Improving the TLS handshake is one of the prime design targets for the IETF TLS 1.3 working group. The current IETF thinking is apparently to instead use systems such as the Diffie-Hellman Exchange or Elliptic Curve Diffie-Hellman Exchange. Both of those support perfect forward secrecy, which many organizations are pushing because they see it as offering much better protection for the keys used to encrypt data and communications. Perfect forward secrecy is set up when a compromise of one message cannot lead to the compromise of others.
However, perfect forward secrecy is not entirely perfect, as it turns out. All of the network sessions signed using a leaked or stolen key would still be open to compromise, for example. So while it would work for all future sessions it wouldn’t retroactively solve problems caused by the Heartbleed bug.
But the need for something better, and for the features TLS 1.3 will offer, is now much clearer. Heartbleed itself is still being examined, though early attempts to estimate the costs from fixing the many systems that could be affected suggest there will be major repercussions.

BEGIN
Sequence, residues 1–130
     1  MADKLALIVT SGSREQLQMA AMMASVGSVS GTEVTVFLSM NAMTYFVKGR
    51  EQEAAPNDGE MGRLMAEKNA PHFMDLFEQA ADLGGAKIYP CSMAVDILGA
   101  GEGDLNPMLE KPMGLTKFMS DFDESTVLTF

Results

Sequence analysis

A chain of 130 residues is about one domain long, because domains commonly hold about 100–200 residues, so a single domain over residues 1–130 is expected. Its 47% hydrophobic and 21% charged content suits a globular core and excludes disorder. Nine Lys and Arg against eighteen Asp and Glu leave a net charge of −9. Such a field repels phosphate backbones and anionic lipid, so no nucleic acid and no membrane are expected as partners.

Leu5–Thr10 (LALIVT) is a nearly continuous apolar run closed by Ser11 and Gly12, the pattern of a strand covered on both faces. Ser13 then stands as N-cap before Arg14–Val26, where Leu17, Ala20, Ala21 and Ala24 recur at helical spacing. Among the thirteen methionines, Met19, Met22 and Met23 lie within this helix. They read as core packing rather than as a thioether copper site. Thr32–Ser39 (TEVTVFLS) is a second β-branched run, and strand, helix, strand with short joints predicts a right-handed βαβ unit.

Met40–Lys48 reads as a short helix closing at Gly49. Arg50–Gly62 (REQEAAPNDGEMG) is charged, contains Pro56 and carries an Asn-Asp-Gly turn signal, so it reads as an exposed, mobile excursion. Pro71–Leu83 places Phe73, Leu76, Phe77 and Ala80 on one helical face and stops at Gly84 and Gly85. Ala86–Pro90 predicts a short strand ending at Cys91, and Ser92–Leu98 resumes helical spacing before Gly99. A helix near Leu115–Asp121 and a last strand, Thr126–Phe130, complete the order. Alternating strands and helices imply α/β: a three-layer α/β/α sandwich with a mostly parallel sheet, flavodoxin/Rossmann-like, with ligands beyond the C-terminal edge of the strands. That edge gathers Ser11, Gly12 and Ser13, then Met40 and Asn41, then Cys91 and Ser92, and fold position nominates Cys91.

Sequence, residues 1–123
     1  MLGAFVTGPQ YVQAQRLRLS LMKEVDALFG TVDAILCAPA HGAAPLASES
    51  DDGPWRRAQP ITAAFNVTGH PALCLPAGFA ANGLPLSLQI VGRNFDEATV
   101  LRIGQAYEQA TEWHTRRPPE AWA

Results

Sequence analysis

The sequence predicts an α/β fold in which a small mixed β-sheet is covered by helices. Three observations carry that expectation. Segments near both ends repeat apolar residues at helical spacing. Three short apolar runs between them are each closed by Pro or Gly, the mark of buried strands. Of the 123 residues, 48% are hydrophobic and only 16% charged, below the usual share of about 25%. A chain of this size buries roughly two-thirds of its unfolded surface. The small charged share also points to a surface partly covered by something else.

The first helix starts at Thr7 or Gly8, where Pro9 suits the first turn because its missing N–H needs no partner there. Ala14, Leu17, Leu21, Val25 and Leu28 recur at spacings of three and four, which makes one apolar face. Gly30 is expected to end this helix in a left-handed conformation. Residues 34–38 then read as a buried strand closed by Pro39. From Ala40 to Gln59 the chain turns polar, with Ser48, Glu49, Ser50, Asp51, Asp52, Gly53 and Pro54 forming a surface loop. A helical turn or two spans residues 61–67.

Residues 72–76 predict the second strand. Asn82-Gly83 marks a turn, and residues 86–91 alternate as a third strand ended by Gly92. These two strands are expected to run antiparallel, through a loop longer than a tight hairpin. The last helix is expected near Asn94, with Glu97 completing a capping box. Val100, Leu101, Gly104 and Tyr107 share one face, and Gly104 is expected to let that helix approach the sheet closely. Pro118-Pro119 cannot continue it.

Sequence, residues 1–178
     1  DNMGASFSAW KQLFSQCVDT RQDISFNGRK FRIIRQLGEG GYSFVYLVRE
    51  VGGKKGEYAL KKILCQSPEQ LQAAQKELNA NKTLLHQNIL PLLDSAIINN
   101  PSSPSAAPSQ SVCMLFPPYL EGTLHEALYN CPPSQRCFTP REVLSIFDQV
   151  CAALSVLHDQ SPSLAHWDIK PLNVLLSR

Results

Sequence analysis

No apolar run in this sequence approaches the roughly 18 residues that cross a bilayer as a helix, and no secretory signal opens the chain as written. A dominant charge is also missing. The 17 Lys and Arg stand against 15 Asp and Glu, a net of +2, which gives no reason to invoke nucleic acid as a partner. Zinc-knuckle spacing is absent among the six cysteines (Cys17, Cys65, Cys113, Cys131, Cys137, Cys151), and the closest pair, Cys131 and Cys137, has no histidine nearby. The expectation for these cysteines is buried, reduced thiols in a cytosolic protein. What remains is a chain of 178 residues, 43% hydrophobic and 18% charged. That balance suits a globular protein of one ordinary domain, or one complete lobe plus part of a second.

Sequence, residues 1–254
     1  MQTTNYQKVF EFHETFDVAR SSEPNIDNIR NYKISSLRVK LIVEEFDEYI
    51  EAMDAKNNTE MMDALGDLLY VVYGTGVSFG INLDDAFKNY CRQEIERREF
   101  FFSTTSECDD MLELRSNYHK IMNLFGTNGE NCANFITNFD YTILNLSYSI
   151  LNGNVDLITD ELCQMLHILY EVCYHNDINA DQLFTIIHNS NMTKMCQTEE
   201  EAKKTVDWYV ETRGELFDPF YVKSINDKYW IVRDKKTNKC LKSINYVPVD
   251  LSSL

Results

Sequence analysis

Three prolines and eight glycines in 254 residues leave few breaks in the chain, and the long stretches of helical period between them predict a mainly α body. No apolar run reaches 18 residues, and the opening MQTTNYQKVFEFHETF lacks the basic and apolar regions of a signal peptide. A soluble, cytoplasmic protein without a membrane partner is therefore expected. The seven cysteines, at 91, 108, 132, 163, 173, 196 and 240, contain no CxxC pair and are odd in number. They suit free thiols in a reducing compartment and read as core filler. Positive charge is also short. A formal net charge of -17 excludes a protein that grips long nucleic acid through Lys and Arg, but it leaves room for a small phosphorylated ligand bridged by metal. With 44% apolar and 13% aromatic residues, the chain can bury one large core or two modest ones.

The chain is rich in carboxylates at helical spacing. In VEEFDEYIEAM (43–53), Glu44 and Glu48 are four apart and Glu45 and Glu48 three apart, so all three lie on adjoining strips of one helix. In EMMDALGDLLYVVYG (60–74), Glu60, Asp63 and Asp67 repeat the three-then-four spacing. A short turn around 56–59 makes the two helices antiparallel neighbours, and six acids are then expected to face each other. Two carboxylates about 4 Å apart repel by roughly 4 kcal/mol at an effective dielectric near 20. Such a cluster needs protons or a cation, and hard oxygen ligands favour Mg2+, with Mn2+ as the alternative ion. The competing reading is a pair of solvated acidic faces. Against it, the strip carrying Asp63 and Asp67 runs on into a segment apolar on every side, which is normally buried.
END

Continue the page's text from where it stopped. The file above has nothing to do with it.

A more tangible indicator is what happened with the data breach at Target stores last year. Analysis of the numbers involved with that breach — which was not even the year’s biggest — are staggering: $200 million for banks to reissue cards to customers whose card numbers were stolen, and $100 million for Target to upgrade its payment terminals. The company also saw a 46 percent hit to its bottom line in the fourth quarter of 2013, as it struggled to regain its customers’ confidence.
There’s a takeaway from that analysis that NIST, the IETF or anybody else could have fixed, however. There were precisely zero people at Target with the title of either chief information security officer or chief security officer.
Posted by Brian Robinson on May 09, 2014 at 10:13 AM0 comments